“This new data better enables us to put recent, dramatic, changes to Greenland’s contribution to global sea level rise into a longer-term context – the ice loss we’ve seen in the last eight years is as much as was lost in the preceding four decades.

“We know that Greenland will continue to lose ice in coming years, however it is less certain whether ice loss will continue to accelerate at the current rate because ice sheets are incredibly complex systems.

“The next step is for scientists to use these data, in conjunction with ice sheet modelling, in order to constrain our projections of future ice sheet change.”

Dr Jeffrey Kargel, Senior Scientist, Planetary Research Institute, Tucson, AZ, said:

“I read the embargoed paper by Jeremie Mouginot, Eric Rignot and others about ‘Forty six years of Greenland Ice Sheet mass balance: 1972 to 2018.’ The results fortify previous understanding that Greenland ice balance has become more negative recently. The new results appear solidly based, and place the accelerating negative mass balance into a longer context. The Greenland ice sheet shifted dramatically to increased melting at the start of the 21st century. The paper is observational, not attributive. Such changes have been attributed by others to anthropogenic climate warming due to rising greenhouse gases. Here I offer my own thoughts on attribution.

“The abruptness of increased melting all around Greenland, as this paper documents, is beyond that expected from gradually increasing warming. Greenland’s sudden shift was like the sudden turning of a key, thus opening a door to new behaviour. For attribution, I point to a drastic change whereby increased rainfall – even in winter – is driving surface melting and faster sliding of Greenland’s glaciers into the sea. A recent paper in The Cryosphere by Marilena Oltmanns and others points out that recent years have seen winter rains falling in Greenland. This could be driven by Arctic warming and melting of sea ice, which has caused a shift in stratospheric jet streams, according to Jennifer Francis at the Woods Hole Research Center. This shift has caused eastern North America to plunge to frigid and often severely snowy winter conditions for months on end (“Snowmageddon”), the West Coast of the U.S. to suffer rainless winters, heat waves, and extreme wildfires and other protracted extreme weather from the U.K. to Siberia, and is driving nearly unheard-of winter and summer warmth and rain onto Greenland. These shifts are indirect responses to rising greenhouse gases and global warming.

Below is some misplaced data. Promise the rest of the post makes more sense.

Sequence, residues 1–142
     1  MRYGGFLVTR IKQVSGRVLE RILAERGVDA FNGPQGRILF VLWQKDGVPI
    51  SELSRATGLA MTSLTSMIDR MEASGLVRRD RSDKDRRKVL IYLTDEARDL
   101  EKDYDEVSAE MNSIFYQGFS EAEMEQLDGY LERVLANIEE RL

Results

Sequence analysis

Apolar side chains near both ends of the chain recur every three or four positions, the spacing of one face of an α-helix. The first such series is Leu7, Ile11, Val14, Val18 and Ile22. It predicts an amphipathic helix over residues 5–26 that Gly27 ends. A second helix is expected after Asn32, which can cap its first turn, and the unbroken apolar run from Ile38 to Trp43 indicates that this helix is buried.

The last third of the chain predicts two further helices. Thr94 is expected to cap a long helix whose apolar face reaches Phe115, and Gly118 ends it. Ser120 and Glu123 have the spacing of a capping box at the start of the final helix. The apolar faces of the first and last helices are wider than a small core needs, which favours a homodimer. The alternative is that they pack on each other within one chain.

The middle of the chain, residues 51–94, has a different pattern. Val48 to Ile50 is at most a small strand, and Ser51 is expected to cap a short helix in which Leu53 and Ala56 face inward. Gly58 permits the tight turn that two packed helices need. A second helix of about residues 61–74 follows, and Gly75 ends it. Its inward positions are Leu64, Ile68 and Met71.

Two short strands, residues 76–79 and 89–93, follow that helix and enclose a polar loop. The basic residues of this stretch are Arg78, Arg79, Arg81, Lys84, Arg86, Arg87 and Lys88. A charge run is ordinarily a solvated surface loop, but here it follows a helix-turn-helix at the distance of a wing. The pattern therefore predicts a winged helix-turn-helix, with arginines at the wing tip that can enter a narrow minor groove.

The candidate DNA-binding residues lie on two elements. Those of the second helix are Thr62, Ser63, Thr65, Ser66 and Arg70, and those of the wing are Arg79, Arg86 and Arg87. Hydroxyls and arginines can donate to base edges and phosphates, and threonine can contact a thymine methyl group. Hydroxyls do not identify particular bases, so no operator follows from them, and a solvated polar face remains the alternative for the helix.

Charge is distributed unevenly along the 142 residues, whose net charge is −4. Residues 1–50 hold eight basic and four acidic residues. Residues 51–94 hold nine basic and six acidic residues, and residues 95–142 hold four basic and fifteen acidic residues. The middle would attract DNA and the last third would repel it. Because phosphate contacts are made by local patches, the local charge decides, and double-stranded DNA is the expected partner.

“What does this mean for the future? Greenland has begun deglaciating, which will drive rising seas century after century, reaching seven meters (23 feet) of increase over the next couple of thousand years. It is probably past a point of no return. What else is in store for our planet this century, even this generation? What is still reversible or at least manageable? These are the key questions.”

‘Forty six years of Greenland Ice Sheet mass balance: 1972 to 2018’ by Jeremie Mouginot et al. was published in PNAS at 20:00 UK time on Monday 22 April 2019.

Declared interests

Dr Jeffrey Kargel: “I have no conflicts of interest regarding this paper.”

None others received.